How She Got There: Mandy Velez, Editorial Director & Co-Founder of Revelist

Name: Mandy Velez
Age: 24
Job Title: Editorial Director/Co-Founder of Revelist
College Name/Major: University of Pittsburgh, English and Communication double major
Website: mandyvelez.com
Twitter Handle: @mandy_velez
Instagram Handle: @mandyvel

What does your current job entail? Is there such a thing as a typical day?

Mandy Velez: I’m the editorial director of news and identity, so there’s no such thing as a typical day in terms of the stories my team and I cover (the upside to news!) but the process is usually the same. I wake up and look for cool stories to cover from home and also approve the pitches my team sends in. Then we all come in and I’ll either get to work writing, editing or packaging stories. Sometimes I do all three at once! I love to write but as editorial director of the news team, I’m in charge of making sure every story is presented in its best form. That means having a strong headline and cover image, but also making sure we’re tackling a story from the angle our audience (18-34-year-old women) care about most! I also approve all freelance pitches that come in before my senior editor starts the edit process.

The rest of my job is a lot of meetings—from planning content around the editorial calendar to helping sales pitch content to brands. I love leading the charge in the kind of articles we’re publishing on the site and also having a say in the behind-the-scenes nuts and bolts of what makes a website successful.  

When I’m not doing the above, I answer questions my team has and participate in the fun videos we create every week. I taste-tested pie once—it’s not a bad gig!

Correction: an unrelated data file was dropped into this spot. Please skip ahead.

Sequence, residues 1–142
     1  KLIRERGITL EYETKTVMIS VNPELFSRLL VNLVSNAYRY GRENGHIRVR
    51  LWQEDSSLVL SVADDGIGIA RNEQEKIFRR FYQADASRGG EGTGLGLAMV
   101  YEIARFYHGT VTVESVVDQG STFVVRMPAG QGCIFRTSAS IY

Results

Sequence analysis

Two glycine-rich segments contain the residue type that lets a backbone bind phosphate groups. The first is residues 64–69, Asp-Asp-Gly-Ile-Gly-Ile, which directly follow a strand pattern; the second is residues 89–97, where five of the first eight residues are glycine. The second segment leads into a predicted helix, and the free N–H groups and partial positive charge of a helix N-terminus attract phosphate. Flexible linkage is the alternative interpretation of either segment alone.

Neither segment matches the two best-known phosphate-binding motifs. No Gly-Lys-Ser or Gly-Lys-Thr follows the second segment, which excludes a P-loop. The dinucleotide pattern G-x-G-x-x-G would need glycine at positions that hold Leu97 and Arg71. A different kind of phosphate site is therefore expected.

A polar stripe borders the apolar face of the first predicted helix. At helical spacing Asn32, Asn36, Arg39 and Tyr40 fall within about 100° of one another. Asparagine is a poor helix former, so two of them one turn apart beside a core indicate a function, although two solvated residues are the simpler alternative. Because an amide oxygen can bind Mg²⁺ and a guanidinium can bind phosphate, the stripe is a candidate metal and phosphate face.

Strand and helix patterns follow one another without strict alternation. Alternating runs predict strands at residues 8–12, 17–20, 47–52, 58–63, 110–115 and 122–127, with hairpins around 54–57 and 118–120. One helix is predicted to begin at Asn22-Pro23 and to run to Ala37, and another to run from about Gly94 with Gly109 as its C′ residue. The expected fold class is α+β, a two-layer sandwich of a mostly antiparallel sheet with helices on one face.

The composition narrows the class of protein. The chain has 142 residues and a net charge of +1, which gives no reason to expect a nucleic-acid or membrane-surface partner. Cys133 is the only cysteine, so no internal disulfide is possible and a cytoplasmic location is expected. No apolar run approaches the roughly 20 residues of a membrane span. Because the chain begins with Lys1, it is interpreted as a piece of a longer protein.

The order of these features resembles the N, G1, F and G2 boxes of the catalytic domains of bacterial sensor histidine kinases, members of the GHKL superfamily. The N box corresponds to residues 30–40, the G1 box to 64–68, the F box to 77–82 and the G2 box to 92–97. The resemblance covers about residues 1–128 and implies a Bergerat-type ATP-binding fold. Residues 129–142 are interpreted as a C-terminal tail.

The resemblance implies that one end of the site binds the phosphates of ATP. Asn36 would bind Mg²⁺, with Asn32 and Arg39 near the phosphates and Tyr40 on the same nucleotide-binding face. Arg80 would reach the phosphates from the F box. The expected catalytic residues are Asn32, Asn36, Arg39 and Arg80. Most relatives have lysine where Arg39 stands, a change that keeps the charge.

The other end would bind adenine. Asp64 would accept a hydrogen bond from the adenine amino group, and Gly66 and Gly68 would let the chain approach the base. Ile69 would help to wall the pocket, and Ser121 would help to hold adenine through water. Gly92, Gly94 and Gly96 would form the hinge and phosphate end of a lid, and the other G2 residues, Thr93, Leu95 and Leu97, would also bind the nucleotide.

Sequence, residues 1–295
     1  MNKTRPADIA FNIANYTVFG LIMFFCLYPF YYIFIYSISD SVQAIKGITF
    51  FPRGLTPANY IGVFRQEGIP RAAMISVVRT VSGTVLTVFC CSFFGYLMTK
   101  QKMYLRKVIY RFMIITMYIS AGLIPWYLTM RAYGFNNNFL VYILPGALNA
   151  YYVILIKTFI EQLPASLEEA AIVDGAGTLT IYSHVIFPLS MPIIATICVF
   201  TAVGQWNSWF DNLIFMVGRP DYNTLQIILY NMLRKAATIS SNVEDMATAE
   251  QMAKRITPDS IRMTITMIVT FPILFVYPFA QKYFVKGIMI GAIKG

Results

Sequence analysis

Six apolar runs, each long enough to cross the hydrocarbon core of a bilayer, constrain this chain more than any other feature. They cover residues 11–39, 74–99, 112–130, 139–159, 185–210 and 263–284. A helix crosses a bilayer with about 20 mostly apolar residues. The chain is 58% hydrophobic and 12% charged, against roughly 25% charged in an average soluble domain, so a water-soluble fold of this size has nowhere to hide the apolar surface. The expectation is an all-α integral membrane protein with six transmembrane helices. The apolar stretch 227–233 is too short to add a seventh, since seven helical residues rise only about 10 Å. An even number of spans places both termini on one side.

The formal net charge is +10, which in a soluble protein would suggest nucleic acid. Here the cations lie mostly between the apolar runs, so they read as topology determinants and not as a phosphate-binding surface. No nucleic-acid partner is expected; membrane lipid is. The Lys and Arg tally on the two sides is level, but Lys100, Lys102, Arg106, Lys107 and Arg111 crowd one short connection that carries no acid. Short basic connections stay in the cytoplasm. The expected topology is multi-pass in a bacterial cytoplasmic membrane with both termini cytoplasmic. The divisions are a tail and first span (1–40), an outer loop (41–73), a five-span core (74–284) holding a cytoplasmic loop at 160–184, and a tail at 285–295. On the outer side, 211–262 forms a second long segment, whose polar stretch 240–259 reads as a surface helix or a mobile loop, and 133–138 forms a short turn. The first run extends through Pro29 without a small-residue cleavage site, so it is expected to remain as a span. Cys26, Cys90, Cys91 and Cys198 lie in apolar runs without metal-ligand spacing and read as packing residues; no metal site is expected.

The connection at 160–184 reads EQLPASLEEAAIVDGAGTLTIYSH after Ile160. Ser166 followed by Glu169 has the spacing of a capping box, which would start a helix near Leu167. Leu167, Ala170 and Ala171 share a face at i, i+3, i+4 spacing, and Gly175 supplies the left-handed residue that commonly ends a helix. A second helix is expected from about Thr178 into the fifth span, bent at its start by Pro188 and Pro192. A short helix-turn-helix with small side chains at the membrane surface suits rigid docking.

What inspired you to co-found Revelist?

MV: My boss at CafeMedia (our parent company) approached me while I worked at my previous job. I had already been covering a lot of social issues, but really wanted to focus more on issues that mattered to women, particularly women my age. So when my boss asked if I’d be on board to start the website completely from scratch I was ecstatic. I had startup culture experience already and loved the idea of creating something completely new. I felt like there was a huge void in the millennial women publishing space when it came to news coverage, and I knew Revelist could fill it. The chance to personally shape the website that I wish I had as a reader sealed the deal for me.

What is the best part of your job?

MV: Selfishly, I love the creative freedom I have to cover the stories within my vertical based on my own interests and also make an impact on people’s lives. We have certain quotas to meet, but if I have something to say, I have the flexibility, and the support, to take the time to write the piece. There’s nothing better than getting a message or email from someone saying, “Thank you for writing that. I’m going through the exact same thing and you made me feel less alone.”

When it comes to the bigger picture, the best part of my job is working with my team writing about issues that matter, period. I got to hire every one of them, and seeing someone go from a resume on a screen to a hard-working, passionate human is such an incredible experience. My team cares about the topics we cover, everything from feminism to LGBT rights and race to space, and there’s nothing greater than working with people who care about those issues as much as you. We launched in February, and we’ve already interviewed Erica Garner, Eric Garner’s daughter, gained a substantial following for our Snapchat show “Brews and the News” and successfully secured partnerships with well-known and high-trafficked websites in the space. These wins are what keep me going, and I wouldn’t be able to have them without my team.